– Northeastern Univ., (Prime) Boston, MA: S. Mukerjee (P.I):• Novel HER catalysts:
• Metal-Metal Oxides• Functionalized mono-metallic• Embedded Metal-N-C Systems
• Novel OER Catalysts: • Double layer metal oxides on Raney Ni (strategies for increasing active site
density)• Half and Single Cell Tests (NEU)• In situ Raman and Synchrotron X-ray Spectroscopy
– University of Delaware (Sub-awardee), Newark, DE: Prof. Y. Yan• Novel Membranes and Ionomers
• Design of multi-cation Poly(aryl-piperidinium) Tri-quaternary-ammonium (PAP-TQN) membranes and ionomers for high temperature operation (90oC).
– Advent North America (Sub-awardee), Cambridge, MA: Dr. Emory De Castro• Novel Electrodes designed for gas evolution with and without liquid flow
– National Lab Partners:• NREL – MEA Prep and testing• LBNL – Small Angle Scattering and Transport Modeling• Sandia National Labs – Interfacial modeling
Partnerships and Roles
Approach - Summary
Relevance and Impact
• This program aims to develop thermally sustainable anionic membranes that will enable the use of cost-efficient transition metal catalysts.
• Our group will be able to leverage the capabilities of the ENM to generate multiscale modeling and molecular dynamics generated simulations of the membrane catalyst interface. In addition, its expertise with advanced ionomer materials, the EMN will provide durability and validation protocols of electrolyzer materials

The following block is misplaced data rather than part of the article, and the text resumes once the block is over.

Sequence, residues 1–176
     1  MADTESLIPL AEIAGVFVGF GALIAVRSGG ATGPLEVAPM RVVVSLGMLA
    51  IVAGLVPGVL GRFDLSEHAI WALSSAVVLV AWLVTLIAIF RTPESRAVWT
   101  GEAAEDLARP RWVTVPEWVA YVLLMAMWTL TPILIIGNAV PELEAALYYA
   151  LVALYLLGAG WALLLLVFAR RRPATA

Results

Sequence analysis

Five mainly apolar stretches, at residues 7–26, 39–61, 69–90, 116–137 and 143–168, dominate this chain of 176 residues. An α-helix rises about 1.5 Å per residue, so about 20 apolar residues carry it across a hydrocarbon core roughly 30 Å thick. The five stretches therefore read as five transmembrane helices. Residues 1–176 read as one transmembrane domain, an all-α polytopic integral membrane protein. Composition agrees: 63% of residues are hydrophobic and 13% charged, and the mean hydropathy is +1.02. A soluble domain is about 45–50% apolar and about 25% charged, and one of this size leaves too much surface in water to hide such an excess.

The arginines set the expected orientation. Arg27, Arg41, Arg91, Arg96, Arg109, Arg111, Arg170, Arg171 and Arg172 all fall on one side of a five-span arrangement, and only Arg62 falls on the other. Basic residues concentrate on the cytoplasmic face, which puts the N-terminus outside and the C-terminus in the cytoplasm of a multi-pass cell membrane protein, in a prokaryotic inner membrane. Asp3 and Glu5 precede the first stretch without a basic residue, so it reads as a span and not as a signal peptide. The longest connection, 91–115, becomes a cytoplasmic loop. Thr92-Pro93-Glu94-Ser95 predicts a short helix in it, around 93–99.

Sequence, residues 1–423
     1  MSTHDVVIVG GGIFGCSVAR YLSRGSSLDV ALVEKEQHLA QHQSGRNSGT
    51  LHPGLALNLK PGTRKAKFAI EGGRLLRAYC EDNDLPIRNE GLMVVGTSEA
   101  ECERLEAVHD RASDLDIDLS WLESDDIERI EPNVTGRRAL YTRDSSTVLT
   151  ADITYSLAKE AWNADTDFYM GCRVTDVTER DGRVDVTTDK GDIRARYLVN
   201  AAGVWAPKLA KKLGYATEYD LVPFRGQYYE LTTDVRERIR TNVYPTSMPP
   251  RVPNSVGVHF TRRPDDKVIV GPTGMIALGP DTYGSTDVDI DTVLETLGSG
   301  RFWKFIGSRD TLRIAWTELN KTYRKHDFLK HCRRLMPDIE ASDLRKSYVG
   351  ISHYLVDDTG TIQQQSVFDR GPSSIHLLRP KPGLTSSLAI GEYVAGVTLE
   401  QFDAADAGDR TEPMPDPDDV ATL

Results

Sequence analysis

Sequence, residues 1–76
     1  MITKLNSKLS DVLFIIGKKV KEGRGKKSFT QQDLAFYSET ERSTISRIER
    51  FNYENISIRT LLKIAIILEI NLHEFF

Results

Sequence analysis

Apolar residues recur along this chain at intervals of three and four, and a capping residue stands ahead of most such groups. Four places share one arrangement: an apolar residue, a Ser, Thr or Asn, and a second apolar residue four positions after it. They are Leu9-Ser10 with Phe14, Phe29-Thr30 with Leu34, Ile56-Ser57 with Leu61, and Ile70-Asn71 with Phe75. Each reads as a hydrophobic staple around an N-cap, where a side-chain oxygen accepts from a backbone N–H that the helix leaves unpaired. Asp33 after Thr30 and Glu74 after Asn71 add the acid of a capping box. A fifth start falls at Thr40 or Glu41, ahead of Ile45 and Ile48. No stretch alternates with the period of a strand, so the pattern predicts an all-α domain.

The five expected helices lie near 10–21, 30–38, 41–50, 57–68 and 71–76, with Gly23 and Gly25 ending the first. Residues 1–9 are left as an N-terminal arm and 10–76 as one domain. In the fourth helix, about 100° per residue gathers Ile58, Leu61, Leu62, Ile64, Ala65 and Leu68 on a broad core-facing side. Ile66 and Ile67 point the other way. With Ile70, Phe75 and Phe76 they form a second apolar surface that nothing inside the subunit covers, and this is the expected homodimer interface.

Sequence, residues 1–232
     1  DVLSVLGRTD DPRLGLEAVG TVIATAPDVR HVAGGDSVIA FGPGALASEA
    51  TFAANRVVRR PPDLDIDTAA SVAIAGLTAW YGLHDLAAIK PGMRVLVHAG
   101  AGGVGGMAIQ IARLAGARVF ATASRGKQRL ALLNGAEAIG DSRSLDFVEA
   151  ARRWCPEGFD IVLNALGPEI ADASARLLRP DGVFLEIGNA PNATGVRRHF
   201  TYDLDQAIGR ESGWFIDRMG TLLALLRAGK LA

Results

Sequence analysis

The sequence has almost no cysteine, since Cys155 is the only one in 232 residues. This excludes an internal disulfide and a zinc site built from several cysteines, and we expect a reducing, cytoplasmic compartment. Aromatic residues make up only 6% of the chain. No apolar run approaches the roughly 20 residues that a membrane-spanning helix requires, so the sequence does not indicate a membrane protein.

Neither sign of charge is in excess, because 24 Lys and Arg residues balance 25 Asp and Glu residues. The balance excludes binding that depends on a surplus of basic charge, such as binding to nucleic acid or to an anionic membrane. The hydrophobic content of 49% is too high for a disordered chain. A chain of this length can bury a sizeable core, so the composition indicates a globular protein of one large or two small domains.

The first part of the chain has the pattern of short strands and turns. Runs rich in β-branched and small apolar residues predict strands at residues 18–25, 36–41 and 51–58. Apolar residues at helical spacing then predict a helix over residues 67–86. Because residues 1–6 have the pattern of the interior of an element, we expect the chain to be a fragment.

• These activities can be applied to other areas of electrolysis research to characterize ionomer stability and electrolyte ion flux.
Approach – HER in Alkaline
Volmer:M + H2O + e- → M-Hads + OH-
M-Hads + H2O + e- → H2 + OH-
Tafel: 2 Pt-Hads → H2
Poor catalysts: θH << 1
Volmer (rds) - Tafel
Good catalysts:θH ~ 1
Volmer –Heyrovsky (rds)
Strategy 1: State of the art Metal-Metal Oxide electrocatalysts
Approach - Materials Design Strategy: Non-PGM HER Electrocatalysts
Milestone Summary TableRecipient Name: Northeastern University
Project Title: Enabling Efficient Water Splitting with Advanced Materials Designed for High pH Membrane Interface
Task orSubtask (if applicable)
(Milestone or Go/No-Go Decision
Milestone Description(Go/No-Go Decision Criteria)
(Quarters from Start of the
1.1 Milestone M1.1: Deliver three 5 gm batch samples of Ni-MOx/C HER catalysts for RDE and Single Cell tests with η of 300 mV @ 500 mA/cm2 and 2 A/cm3 (HER)
Completed1.2 Milestone M1.2: Deliver one 5 gm batch of Ni-Nx/C HER catalysts for RDE and Single cell studies η of 300 mV
@ 500 mA/cm2 and 2 A/cm3 (HER)Q2
1.3 Milestone M1.3: Deliver one 5 gm batch of M-N(S)-C MOF HER catalysts for RDE and Single cell studies η of 300 mV @ 500 mA/cm2 and 2 A/cm3 (HER)
1.4 Milestone M1.4: Deliver three 5 gm batches of MMOx OER catalysts for RDE and single cell tests Q2100%
Task 2 2.3 Milestone M2.3: Deliver at least 5 grams of PAP-TQN ionomers and cast membranes that have less than 20% loss of IEC in 1 M KOH at 90 °C for 100 hours (Q3).
BP1 Go/No Go Decision Point